I did. Choose the wrong child care, that is.
I posted a while ago about selecting a childcare and my worries related to it. I can finally say that Hailey is in the “right” childcare but the path to get there was not as smooth as we would have liked.
Let me share with you how the search for quality child care unfolded.
I did the majority of my searching for child cares in the summer. I needed to find a caregiver starting at the beginning of October. I primarily looked at home daycare. I thought an institutional daycare would be too much like school, too regimented. I did look at one small institutional childcare during my search just out of curiosity and my preconceived notions proved accurate.
The variety in home daycares was immense and overwhelming. They ranged from bigger & smaller homes, cluttered vs. tidy, clean vs. dirty, pets vs. no pets, organic food vs. not, warm caregivers to off-putting, $30-$57 a day, 5 kids vs. no other kids, free-range vs. heavily scheduled…the variety seemed endless and no one place seemed to have everything we wanted.
I looked at a handful of places then selected one Hailey and I really liked and really connected with. She turned us down (for her own personal reasons).
My search continued.
I looked at another handful of places and selected a lady I thought would be decent. She wasn’t everything we were looking for but seemed like she’d do a decent job. This was mid-August. Hailey was supposed to start care at the beginning of October.
Two weeks before Hailey was supposed to start the child care provider changed her mind. I didn’t ask for an explanation. Whatever explanation she provided me really didn’t matter. What mattered was I was 2 weeks away from needing full time childcare and I now had to restart my search.
After I got off the phone with her, I immediately called another lady. I had been given her contact info a few weeks ago by a neighbour who had interviewed her, liked her, but elected not to use her.
I set up an interview with her, my husband came with me this time. I told him that it was his decision this time because I clearly had chosen poorly the first time.
Mostly I was confused by the turn of events and started questioning my decision-making abilities. I wanted him to weigh in on this important decision, something he had not been interested in doing during the summer.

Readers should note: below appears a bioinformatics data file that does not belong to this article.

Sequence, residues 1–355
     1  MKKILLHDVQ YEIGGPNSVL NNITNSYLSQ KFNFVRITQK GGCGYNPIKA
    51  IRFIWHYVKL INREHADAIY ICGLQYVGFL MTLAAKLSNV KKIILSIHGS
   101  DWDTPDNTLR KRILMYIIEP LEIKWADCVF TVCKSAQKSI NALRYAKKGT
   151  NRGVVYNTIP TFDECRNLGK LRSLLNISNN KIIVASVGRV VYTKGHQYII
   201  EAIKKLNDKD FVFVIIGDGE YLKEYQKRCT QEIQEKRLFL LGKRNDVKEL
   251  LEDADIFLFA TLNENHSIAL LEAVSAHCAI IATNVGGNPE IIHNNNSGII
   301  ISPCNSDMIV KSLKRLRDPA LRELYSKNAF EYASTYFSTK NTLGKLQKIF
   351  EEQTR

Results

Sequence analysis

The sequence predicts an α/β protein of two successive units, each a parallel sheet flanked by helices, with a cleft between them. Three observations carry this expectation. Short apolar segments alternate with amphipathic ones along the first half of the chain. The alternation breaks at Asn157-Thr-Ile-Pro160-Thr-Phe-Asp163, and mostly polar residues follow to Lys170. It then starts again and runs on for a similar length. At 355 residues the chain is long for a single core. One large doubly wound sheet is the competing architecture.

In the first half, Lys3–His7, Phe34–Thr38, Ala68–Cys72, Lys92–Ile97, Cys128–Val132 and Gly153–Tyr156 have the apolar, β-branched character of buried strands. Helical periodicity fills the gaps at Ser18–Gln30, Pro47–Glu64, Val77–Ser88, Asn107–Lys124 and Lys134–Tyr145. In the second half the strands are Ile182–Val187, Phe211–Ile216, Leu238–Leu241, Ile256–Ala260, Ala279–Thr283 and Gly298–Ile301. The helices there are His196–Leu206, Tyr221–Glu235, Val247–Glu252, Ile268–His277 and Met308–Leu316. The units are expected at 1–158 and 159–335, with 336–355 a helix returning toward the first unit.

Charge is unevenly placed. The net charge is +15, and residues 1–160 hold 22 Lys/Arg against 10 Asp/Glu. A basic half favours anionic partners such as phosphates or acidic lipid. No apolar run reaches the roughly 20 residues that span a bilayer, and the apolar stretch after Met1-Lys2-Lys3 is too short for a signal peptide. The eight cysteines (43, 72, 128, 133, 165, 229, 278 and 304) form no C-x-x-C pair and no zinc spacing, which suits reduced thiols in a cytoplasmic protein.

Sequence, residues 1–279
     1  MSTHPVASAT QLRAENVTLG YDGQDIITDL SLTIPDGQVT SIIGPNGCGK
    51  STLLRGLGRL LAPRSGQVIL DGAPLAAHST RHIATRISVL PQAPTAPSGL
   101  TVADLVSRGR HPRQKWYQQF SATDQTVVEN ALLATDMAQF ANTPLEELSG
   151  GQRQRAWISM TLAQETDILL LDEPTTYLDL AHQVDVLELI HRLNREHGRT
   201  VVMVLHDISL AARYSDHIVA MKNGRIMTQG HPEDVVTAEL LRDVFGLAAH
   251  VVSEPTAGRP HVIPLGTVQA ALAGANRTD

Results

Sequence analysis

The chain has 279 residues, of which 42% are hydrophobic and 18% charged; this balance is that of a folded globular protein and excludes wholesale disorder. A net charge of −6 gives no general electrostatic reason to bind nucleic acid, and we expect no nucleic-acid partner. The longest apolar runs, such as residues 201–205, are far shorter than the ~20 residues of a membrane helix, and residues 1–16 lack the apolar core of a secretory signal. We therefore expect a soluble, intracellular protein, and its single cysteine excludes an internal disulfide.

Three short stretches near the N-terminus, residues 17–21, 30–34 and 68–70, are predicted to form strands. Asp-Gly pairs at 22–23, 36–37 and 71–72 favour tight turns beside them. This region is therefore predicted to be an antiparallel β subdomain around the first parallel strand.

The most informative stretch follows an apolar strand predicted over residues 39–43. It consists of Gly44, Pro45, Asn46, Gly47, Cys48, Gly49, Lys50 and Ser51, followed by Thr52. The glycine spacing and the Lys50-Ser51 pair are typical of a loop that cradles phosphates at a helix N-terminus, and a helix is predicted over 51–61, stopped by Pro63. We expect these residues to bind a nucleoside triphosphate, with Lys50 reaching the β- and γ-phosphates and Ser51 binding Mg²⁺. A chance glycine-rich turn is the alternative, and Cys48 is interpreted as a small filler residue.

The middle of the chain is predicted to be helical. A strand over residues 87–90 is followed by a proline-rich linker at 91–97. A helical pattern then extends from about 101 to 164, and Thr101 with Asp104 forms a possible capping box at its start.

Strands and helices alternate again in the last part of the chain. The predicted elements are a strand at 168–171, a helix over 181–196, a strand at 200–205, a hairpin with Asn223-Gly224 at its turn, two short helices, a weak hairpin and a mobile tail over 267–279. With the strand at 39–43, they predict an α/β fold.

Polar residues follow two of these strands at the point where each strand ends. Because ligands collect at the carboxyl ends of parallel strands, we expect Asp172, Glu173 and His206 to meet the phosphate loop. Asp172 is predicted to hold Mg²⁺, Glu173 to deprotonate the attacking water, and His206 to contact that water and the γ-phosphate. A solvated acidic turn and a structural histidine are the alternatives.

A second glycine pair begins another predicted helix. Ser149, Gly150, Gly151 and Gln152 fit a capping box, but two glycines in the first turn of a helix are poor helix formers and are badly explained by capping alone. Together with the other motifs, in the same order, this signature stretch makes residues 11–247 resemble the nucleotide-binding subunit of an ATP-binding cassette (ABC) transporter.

We left the lady’s house deciding that she wasn’t everything we were looking for but that she seemed decent. Her references were good so we decided to go with her.
Hailey started not quite 2 weeks later at the beginning of October.
After a couple of short “test” visit to get Hailey used to being left with this lady, she started full time. As soon as she was there full time she started crying when I dropped her off each morning.
This was so hard on me. Having your crying baby pulled out of your arms is traumatic. Everyone told me it was normal but I kept thinking to myself that it wasn’t normal for Hailey.
Over those first 2 weeks, every time we said the lady’s name to Hailey she would shake her head and say “uh-uh”. It was a funny game to us because she literally did it every time.
My husband and I (and everyone I told) kept rationalizing the behaviour saying that Hailey was acting this way before she was with a stranger full time, she was at a new house she didn’t know, the routine was new, everything about it was new and would take some time to get used to. Eventually the crying would stop once everything became familiar.
On the 3rd week, the lady went on vacation and Hailey was back with my parents and I took a few days off to cover this week.
During this week, we were contacted by an institutional childcare centre we had been on a wait list for. I almost declined immediately but there was a nagging sensation within me and I set up an appointment to visit. My husband came with me.
Hailey’s reaction to this place was immediately positive. At every home daycare she had hung back by the door, a little bit timid. At this childcare centre she ran in and explored everything. She contently walked through the entire centre on her own. When the toddler class was moving to another room she got in line and tried to follow.
My husband and I both loved the place. We didn’t have any expectations going in. In fact, we had already assumed that it probably wouldn’t be a good fit because it was a large childcare centre. The only reason we were on the wait list was because it was located next to my husband’s future office.
I walked out in tears. This was the reaction I had been waiting to see in Hailey. The one where you just know it’s a good fit. When my husband asked me why I was crying I thought about it for a minute….relief. I felt relief. His response: I guess that makes our decision for us.